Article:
The British had to know what the French were up to, and to do that, the Royal Navy would have to re­enter the Mediterranean. First Lord of the Admiralty Earl Spencer dispatched a message to Admiral John Jervis, Earl of St. Vincent, and commander of the fleet off Portugal and Spain, to send ships to Toulon without delay. There was a note of urgency in Spencer’s missive, because he felt the “appearance of a British squadron in the Mediterranean might determine the fate of Europe.” These words proved prophetic.

“Take, Sink, Burn, or Destroy It”

The Earl of St. Vincent was an able sea officer, but Spencer suggested another man for the Mediterranean mission, Horatio Nelson. Rear Admiral Sir Horatio Nelson was a relatively new flag officer, a factor that counted in a service where seniority counted. But to Spencer’s credit he recognized Nelson as a man with unique qualifications for the job. He was energetic, indefatigable and uncon­ventional. Above all, Nelson could be trusted to carry out his mission with speed and efficiency.

It turned out that Spencer was “preaching to the converted.” Even before the First Lord’s instructions reached his desk, St. Vincent had dispatched Nelson into the Mediterranean, on May 2, 1798. Nelson had a small squadron of three ships of the line, two frigates, and a sloop. The squadron included the 74­-gun ships Vanguard (Nelson’s flasgship) Orion, Alexander, and the frigates Emerald and Terpsichore.

Horatio Nelson was emaciated and often in poor health he stood at five-­foot-­seven and weighed about 130 pounds. He had been blinded in one eye during a skirmish. Badly wounded during an ill-conceived raid, his right arm had been amputated at the elbow in 1797. Nelson wasn’t a natural sailor, and seasickness often made his delicate stomach queasy.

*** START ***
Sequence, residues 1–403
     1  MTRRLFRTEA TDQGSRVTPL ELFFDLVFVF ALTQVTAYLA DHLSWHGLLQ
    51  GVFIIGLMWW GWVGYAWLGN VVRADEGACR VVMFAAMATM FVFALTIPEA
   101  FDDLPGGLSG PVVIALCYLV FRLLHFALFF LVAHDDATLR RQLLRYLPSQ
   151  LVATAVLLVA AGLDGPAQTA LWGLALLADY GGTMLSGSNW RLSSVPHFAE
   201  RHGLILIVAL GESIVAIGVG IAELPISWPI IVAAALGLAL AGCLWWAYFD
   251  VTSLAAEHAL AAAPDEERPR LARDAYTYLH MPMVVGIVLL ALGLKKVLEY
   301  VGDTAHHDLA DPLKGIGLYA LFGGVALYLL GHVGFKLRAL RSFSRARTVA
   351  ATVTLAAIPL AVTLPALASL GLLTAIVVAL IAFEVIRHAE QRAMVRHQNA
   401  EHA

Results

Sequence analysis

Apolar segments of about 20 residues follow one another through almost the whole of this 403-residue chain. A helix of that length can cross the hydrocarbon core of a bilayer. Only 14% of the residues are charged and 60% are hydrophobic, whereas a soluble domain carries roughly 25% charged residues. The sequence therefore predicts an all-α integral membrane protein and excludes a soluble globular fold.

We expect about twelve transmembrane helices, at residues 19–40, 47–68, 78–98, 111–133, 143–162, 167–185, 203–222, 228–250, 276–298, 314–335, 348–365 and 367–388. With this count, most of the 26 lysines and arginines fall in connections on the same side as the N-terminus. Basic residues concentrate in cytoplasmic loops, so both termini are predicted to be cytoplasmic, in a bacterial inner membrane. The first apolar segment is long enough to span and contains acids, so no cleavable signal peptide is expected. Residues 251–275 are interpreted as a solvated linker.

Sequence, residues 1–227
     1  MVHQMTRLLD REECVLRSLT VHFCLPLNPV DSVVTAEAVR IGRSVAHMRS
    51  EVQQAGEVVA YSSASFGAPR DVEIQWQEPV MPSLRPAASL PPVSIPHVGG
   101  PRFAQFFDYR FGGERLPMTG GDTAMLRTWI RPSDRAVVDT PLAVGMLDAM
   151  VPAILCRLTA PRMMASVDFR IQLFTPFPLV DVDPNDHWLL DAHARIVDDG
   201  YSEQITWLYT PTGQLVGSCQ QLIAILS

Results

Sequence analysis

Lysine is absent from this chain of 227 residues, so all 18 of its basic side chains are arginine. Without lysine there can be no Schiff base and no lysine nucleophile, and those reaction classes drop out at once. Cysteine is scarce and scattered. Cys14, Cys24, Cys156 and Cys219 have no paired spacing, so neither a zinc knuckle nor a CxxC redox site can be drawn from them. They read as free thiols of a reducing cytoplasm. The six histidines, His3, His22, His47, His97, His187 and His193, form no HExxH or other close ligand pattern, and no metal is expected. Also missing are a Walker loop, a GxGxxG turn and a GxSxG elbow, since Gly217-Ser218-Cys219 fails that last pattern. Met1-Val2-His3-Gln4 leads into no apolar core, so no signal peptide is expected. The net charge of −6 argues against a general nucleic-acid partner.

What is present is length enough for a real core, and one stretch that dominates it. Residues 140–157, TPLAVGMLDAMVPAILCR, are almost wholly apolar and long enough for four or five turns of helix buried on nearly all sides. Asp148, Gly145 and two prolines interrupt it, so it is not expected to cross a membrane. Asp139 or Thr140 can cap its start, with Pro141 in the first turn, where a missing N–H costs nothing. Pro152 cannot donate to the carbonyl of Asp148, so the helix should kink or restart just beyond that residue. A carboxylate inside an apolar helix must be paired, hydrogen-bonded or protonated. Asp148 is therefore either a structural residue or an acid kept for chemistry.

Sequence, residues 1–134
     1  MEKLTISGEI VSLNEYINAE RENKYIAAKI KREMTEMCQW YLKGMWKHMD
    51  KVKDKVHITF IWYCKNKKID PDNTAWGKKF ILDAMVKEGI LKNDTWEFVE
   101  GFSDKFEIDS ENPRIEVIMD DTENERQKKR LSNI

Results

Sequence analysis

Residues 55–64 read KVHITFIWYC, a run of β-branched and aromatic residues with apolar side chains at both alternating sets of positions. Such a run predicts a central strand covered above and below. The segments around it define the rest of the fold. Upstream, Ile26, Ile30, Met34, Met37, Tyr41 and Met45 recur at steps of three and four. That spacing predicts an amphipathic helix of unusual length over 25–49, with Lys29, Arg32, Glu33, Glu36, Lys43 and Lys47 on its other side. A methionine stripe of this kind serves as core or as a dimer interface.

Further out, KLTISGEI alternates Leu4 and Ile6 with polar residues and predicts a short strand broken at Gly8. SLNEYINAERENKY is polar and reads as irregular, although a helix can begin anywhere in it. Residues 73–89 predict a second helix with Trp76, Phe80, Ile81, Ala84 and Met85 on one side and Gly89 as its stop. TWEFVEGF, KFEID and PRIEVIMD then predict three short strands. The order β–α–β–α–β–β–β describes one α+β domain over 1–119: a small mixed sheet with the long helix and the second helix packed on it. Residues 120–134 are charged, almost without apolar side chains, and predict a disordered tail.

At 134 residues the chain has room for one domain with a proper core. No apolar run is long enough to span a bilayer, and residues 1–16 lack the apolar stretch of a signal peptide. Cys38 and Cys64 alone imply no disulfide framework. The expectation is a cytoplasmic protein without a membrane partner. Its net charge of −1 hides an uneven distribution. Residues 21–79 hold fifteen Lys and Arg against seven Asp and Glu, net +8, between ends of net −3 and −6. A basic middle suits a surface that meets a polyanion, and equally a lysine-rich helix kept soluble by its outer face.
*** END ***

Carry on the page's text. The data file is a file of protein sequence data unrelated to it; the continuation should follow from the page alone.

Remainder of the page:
Admiral Horatio Nelson.

Yet in spite of these physical ills, Nelson was a man of real genius in battle, a brilliant and innovative tactician and superb strategist. It was as if two Nelsons cohabited his wasted frame. Nelson the man’s vanity knew no bounds, but he was also caring, kindly and genuinely concerned with the welfare of his men. Nelson the admiral was bold, ruthless and had an unwavering instinct to go for the enemy’s jugular.

For the next two months or so Nelson played a cat-­and-­mouse game with Bonaparte, with the former desperately trying to locate and pin down his elusive foe. At first it seemed that luck—or chance—was favoring the French. On May 20 a howling gale dismasted Vanguard. It was touch and go for a time, but the admiral’s storm­-tossed squadron made it to Sardinia and safety. By May 27 Van­guard was repaired, and Nelson’s squadron resumed its search.

A French merchant ship was encountered, and its captain pumped for information. It seemed Bonaparte’s armada had already left Toulon—a startling piece of intelligence. But where were they headed? Nelson’s problem was compounded by a lack of frigates. Frigates were the “eyes of the fleet,” swift messengers and scouts, and without them Nelson was blind. It will be recalled that orig­inally Nelson had two frigates, but during the terrible storm they had departed for Gibraltar. It seems the frigate captains, seeing Vanguard dismasted, assumed Nelson would make for Gibraltar to effect repairs. It was, as we have seen, a bad guess, and now Nelson had no scouts.